Langley is hitting its stride just at the right time

With its state-of-the-art facilities, parks, vineyards and flourishing industries, Langley is increasingly becoming a place where businesses and people are eager to put down roots

As Greater Langley Chamber of Commerce president Scott Johnston’s story demonstrates, many people initially skeptical about Langley as a home are pleasantly surprised by the people, amenities, geography, history and other elements that make it a community in the best sense of the word. Colleen Clark found this out in early 2016 when she moved from Sechelt, B.C. to start her new job as Greater Langley Chamber of Commerce’s executive director.

“I didn’t realize its sheer diversity until I actually began hunting for a home here. A five-minute drive can take you from farmland to the urban core to suburbia—or, if you’re historically minded and love browsing through an old-world town centre, a slightly longer drive will take you to Fort Langley,” says Clark. “All these components have been thriving for some time now, and I think it’s only because Langley is now a focus of media attention that there’s worry of overdevelopment or unbridled growth—when in fact all of us are committed to growing responsibly and not in a way that would compromise our assets, whether they be man-made or natural.”

Of course, Langley’s best natural asset is its farm and parkland, a vast area that is a mix of living history and new rural enterprises. In South Langley is the massive 535-hectare Campbell Valley Park, a major destination for equestrian and outdoor lovers alike. At the other end of Langley, to the north, is Fort Langley. Known as the birthplace of B.C., Fort Langley is a charming hub of retail and recreational opportunities on the banks of the Fraser River; and scattered in between are the vineyards that have contributed to B.C.’s international status as an award-winning wine producer.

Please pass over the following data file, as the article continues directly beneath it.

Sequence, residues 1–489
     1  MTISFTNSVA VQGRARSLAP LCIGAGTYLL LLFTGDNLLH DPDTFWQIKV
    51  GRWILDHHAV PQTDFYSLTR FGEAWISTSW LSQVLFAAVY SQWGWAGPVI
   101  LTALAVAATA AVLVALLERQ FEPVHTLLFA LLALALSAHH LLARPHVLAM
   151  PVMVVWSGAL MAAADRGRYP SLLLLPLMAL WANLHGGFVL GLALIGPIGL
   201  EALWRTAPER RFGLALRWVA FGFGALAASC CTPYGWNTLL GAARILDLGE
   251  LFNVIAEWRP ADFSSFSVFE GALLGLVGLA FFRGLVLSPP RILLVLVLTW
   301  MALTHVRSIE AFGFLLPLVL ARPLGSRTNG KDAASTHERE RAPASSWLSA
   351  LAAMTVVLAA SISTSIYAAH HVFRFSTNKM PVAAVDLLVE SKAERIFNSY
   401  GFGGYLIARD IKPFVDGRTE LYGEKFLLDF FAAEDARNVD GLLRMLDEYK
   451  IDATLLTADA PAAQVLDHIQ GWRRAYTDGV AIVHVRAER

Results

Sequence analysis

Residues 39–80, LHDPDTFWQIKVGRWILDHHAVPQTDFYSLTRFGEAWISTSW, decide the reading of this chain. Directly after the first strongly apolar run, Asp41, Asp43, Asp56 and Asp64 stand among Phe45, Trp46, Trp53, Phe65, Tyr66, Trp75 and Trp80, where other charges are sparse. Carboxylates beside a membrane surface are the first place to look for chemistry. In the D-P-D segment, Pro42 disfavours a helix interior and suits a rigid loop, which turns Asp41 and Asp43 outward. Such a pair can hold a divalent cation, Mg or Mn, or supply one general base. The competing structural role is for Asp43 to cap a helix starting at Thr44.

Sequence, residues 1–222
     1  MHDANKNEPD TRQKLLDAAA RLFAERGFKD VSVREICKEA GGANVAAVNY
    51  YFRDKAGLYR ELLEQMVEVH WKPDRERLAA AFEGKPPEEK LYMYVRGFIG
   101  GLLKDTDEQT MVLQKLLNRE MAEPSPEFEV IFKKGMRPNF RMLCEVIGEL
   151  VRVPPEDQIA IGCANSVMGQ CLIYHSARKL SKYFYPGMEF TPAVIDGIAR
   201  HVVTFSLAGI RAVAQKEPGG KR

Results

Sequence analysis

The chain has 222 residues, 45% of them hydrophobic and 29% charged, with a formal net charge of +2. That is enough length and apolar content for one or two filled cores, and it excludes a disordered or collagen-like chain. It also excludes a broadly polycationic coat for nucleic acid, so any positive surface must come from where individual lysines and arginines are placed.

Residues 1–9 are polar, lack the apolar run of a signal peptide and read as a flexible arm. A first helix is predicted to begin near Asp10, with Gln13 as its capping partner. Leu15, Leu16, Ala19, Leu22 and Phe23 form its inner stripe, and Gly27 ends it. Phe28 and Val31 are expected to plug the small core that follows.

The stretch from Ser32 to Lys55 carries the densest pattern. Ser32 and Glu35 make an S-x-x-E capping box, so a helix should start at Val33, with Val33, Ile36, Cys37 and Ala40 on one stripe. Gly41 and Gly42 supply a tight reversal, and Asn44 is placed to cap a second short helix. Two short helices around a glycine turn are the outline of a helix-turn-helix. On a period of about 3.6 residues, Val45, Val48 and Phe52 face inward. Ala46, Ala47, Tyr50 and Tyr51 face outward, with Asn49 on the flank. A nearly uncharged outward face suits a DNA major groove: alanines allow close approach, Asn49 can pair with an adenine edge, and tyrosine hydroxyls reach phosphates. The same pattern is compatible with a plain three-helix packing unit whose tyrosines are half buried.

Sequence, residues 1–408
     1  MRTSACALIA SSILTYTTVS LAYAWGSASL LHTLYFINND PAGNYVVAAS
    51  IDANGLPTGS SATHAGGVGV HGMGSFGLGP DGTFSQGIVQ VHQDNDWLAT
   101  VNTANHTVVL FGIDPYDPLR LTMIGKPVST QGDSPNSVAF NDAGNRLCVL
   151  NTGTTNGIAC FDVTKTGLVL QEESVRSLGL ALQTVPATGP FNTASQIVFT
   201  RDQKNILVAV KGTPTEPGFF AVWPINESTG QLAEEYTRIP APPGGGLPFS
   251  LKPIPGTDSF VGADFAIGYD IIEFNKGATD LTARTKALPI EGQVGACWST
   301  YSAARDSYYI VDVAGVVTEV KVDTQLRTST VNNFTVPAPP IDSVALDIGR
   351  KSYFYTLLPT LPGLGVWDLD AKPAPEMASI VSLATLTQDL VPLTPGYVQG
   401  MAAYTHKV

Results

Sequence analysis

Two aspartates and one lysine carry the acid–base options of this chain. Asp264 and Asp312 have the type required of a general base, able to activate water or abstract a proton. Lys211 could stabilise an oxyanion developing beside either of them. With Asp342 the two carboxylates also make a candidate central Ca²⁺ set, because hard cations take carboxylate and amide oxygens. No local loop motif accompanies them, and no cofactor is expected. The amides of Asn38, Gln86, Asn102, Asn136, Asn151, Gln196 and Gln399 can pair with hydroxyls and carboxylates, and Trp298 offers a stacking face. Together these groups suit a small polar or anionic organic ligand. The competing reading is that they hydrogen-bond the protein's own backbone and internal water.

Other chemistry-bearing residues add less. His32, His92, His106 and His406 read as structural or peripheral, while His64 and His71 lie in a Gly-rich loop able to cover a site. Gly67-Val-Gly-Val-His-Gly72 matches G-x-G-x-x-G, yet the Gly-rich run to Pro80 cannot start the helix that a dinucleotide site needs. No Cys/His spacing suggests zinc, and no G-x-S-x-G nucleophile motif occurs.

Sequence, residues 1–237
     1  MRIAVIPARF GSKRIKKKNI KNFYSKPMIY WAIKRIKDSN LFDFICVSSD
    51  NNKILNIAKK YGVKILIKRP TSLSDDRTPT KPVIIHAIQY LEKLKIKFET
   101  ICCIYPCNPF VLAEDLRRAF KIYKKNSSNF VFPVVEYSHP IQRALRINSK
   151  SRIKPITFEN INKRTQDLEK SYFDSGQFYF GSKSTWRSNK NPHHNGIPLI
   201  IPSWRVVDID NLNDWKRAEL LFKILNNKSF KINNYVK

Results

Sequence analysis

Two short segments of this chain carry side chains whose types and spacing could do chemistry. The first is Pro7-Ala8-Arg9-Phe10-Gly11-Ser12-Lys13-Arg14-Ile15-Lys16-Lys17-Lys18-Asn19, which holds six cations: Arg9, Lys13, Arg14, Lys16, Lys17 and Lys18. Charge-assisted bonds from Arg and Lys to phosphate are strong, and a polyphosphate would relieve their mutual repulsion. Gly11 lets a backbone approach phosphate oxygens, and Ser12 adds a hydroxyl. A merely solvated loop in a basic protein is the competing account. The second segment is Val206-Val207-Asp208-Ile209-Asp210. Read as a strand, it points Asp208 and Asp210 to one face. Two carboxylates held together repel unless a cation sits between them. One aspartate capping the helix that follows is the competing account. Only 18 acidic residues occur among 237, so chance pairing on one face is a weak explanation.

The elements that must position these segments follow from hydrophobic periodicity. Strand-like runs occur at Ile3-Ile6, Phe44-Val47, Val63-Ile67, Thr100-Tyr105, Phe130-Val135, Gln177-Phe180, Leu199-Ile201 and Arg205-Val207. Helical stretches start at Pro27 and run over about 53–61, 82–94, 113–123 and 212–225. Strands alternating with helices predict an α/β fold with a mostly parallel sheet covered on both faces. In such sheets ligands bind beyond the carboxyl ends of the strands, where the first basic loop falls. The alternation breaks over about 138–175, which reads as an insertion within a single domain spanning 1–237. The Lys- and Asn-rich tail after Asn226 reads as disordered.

Not surprisingly, the City of Langley has become a mecca for festivities throughout the year, thanks to the hard work of the Downtown Langley Business Association. The association organizes no less than eight major events annually, including the Arts Alive Festival, and it supports the Langley Good Times Cruise-In—the latter of which registers over 1,800 vintage automobiles
every September. 


Teri James, who by her own admission moved with her husband to Langley 20 years ago “not knowing what to expect and then instantly falling in love with the place,” has great belief in Langley’s livability.

“One of many indications that people enjoy being here is our small business owners [desire to stay in Langley]. In many municipalities, the trend is to grow and then relocate to a more urban region. Here, successful entrepreneurs tend to expand their operations within Langley, sometimes within a one-block radius. Why move elsewhere?”

With all these assets, the objective going forward is to ensure its continued vibrancy as more and more people decide to call Langley their home. Accordingly, portions of neighbourhoods such as Aldergrove and Brookswood have been identified for growth opportunities and upgrading. Today, the Township has an infrastructure inventory valued at $2 billion and is building a new $30-million rec centre in Aldergrove that features numerous amenities including a waterpark.

As one of the few regions in B.C. that truly gives new meaning to the term “something for everyone,” Langley is well prepared to tackle the challenges that lie ahead. 

“When I think of Langley’s growth and our knack for managing it, I think of the saying, ‘A rising tide lifts all boats,’” says Scott Johnston. “That, in a nutshell, summarizes the Langley story.”